Tuesday, October 2, 2012

The Film Round-Up: October 2012: The Oranges, The Other Dream Team, Diana Vreeland: The Eye Has to Travel, Francine

Strap on the feedbag, folks! It's time for another Film Round-Up. These reviews previously appeared in ICON and are reprinted with permission. 

Boy, Melissa Leo terrifies me. But she is wonderful in Francine.


The Oranges (Dir: Julian Farino). Starring: Hugh Laurie, Leighton Meester, Oliver Platt, Allison Janney, Catherine Keener, Adam Brody, Alia Shawkat. Too much rind, not enough fruit. David and Paige (Laurie, Keener) and Terry and Carol (Platt, Janney) have been neighbors and friends for years. Separately, the two couples struggle. David is spending more nights sleeping in his man cave, while Carol ignores the tech-obsessed Terry. The northern Jersey suburban façade starts crumbling when Terry and Carol’s heart- broken daughter, Nina (Meester), returns home for the holidays and bonds with the vulnerable, lonely David. Writers Ian Helfer and Jay Reiss’ script abounds with good storylines: a wacky comedy of keeping up appearances, an ode to midlife renaissance, the woe of being young and in the suburbs (sporadically narrated by Shawkat). It doesn’t mean they had to use all of them. That misguided ambition shortchanges the emotional complications of David and Nina’s tricky relationship while shackling the actors—including the perennially marvelous Keener. Only Janney’s clucking crazed mother hen performance breaks free. [R] ★★

The Other Dream Team (Dir: Marius A. Markevicius). The Dream Team, that collection of American basketball leg- ends headlined by Michael Jordan and Magic Johnson, eviscerated the competition at the 1992 Summer Olympics en route to a gold medal and international stardom. Among its opponents was a talented team from the newly independent Lithuania, whose presence was a political and social triumph. Interviewing former Lithuanian players and politicians, Markevicius demonstrates how basketball infused Lithuania’s citizens with dignity and pride, rarities in Russia’s oppressive rule. The Olympics showcased Lithuania’s individuality—Grateful Dead-influenced attire aside—to the rest of the world just two years after its bloody standoff with the Russian army. The Other Dream Team springs patriotism and freedom from the confines of history books and parades. They can only occur when the oppressed demand to be treated like human beings. History has rarely felt this personal. And few sports films possess such inspirational purity. One of the year’s best documentaries. [NR] ★★★★

Diana Vreeland: The Eye Has to Travel (Dir: Lisa Immordino Vreeland). As the fashion editor of Harper’s Bazaar and Vogue, Vreeland (1903-1989) shaped how the world viewed fashion, and not just by discovering iconic faces such as Lauren Bacall and Twiggy or introducing the bikini to the shocked masses. Her forward thinking and story sense transformed fashion magazines from lush catalogues into artistic endeavors. (The movie’s title refers to how Vreeland thought people should ideally read a magazine.) Fashion became a living thing. Clearly made with good intentions and soft corners by Vreeland’s granddaughter-in-law, the documentary is essentially a collection of friends, family members, and colleagues swapping war sto- ries. Joel Schumacher describes Vreeland enthusiastically watching Chinatown in a Harlem movie theater; Ali MacGraw recalls the fear and respect she had working as Vree- land’s assistant, and then disciplines her pet. (We hear Vreeland’s perspective through news footage and interviews with author George Plimpton, who assisted on her memoir.) But for someone who was as brazen and bawdy—really, one of America’s last great dames—a loving approach works just fine. [PG-13] ★★★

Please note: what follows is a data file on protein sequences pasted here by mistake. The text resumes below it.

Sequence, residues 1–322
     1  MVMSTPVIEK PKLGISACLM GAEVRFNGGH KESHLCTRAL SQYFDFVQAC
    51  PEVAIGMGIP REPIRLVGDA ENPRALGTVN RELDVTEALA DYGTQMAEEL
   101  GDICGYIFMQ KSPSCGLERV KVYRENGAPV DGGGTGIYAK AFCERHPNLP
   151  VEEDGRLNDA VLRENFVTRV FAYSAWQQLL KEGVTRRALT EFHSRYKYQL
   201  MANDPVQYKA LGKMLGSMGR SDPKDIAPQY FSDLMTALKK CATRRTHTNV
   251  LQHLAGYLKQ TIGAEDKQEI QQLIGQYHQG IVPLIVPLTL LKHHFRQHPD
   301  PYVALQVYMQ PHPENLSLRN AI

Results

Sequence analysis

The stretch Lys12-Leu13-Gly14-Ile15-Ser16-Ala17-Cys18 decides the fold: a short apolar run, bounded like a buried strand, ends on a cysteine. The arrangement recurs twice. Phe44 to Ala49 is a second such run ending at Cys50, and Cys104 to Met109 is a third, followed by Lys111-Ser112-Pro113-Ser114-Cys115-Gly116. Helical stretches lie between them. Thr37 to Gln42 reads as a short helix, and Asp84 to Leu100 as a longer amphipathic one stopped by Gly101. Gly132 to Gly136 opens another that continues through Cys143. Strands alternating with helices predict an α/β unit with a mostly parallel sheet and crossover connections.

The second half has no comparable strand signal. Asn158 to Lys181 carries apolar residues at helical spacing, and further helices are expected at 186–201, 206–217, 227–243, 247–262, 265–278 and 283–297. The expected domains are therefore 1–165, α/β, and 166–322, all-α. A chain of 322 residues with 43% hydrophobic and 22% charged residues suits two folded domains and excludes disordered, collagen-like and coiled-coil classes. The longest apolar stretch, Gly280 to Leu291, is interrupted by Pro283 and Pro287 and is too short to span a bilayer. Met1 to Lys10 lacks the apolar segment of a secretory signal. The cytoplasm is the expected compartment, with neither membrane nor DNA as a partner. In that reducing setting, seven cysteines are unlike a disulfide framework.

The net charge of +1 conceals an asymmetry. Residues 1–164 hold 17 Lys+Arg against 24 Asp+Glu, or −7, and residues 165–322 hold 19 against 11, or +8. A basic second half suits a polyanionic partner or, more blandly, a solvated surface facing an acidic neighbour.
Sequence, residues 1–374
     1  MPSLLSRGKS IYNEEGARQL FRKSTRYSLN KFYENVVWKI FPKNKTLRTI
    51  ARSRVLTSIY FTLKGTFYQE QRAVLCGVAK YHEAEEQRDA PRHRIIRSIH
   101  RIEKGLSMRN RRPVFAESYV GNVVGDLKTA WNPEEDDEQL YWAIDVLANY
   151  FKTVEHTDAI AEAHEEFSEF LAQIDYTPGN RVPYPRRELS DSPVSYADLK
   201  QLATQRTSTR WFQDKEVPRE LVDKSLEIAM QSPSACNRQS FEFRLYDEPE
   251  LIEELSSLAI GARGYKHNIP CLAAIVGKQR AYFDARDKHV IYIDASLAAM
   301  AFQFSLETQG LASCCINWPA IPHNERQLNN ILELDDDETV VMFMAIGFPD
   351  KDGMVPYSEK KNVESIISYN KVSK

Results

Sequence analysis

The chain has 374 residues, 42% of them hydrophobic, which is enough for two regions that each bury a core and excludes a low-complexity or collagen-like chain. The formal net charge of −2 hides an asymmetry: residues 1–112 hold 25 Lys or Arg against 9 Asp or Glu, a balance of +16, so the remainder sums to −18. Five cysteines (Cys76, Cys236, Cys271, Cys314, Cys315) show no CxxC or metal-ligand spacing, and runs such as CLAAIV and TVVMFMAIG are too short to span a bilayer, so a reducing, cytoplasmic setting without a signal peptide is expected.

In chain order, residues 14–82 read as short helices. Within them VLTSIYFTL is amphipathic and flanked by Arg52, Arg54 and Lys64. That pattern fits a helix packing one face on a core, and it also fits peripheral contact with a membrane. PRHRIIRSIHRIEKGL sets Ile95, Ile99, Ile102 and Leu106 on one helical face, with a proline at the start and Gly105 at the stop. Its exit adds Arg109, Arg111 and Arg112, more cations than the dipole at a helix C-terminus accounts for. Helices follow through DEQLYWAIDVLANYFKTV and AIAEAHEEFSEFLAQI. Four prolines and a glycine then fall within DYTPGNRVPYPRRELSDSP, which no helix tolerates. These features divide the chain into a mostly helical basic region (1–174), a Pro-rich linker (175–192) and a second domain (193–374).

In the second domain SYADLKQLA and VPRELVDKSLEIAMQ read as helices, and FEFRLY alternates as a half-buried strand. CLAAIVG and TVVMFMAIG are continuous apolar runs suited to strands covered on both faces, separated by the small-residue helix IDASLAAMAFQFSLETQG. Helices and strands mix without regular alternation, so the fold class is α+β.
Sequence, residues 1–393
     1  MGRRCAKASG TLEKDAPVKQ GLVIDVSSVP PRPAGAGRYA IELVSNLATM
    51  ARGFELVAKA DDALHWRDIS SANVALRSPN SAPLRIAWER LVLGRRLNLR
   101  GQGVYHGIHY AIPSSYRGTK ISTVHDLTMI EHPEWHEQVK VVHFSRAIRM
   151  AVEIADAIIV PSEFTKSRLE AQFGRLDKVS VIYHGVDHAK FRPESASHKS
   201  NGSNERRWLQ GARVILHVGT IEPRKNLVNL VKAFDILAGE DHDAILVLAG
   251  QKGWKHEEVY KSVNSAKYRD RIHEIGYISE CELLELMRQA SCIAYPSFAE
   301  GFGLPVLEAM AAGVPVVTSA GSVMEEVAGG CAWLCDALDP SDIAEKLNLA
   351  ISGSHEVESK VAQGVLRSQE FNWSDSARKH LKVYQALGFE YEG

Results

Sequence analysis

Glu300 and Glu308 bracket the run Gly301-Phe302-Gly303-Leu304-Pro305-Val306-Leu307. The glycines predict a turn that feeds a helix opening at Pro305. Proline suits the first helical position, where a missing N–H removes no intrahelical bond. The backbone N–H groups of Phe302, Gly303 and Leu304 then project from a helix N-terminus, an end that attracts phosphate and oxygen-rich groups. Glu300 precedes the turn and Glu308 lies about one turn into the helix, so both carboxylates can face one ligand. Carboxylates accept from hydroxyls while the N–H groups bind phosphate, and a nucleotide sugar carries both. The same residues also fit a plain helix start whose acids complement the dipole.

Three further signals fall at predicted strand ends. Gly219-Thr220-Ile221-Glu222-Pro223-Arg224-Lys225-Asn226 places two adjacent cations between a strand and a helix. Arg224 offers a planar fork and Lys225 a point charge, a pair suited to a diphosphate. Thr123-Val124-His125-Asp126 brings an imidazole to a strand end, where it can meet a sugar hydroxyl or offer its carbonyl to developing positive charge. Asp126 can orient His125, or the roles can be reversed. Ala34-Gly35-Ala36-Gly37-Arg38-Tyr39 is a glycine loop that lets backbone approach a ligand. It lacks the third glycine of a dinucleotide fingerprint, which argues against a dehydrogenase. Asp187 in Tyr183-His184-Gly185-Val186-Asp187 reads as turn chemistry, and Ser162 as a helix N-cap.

Francine (Dirs: Brian M. Cassidy, Melanie Shatzky). Starring: Melissa Leo, Victoria Charkut, Keith Leonard. Refreshingly sparse, concise character study stars Leo as the title character, a stoic middle-aged woman who relocates to a rural small town straight from prison. The new life is a big adjustment. Strangers and new places intimidate Francine into silence. Small talk and eye contact are painful. She finds comfort in the bucolic surroundings and comes alive around animals, a passion that mutates into something bigger and perhaps poisonous. Light on dialogue or obvious conflict, Cassidy and Shatzky string together short scenes to create a portrait of a perpetually defeated woman struggling to find the sliver of light in a bleak life. The haunting, moving film is held together by Academy Award-winner Leo (Frozen River, The Fighter), who manages to convey tender- ness and toughness without swallowing the scenery whole. Really, it’s a miraculous performance, providing heart and soul to complement the credible, working-class grittiness. [NR] ★★★

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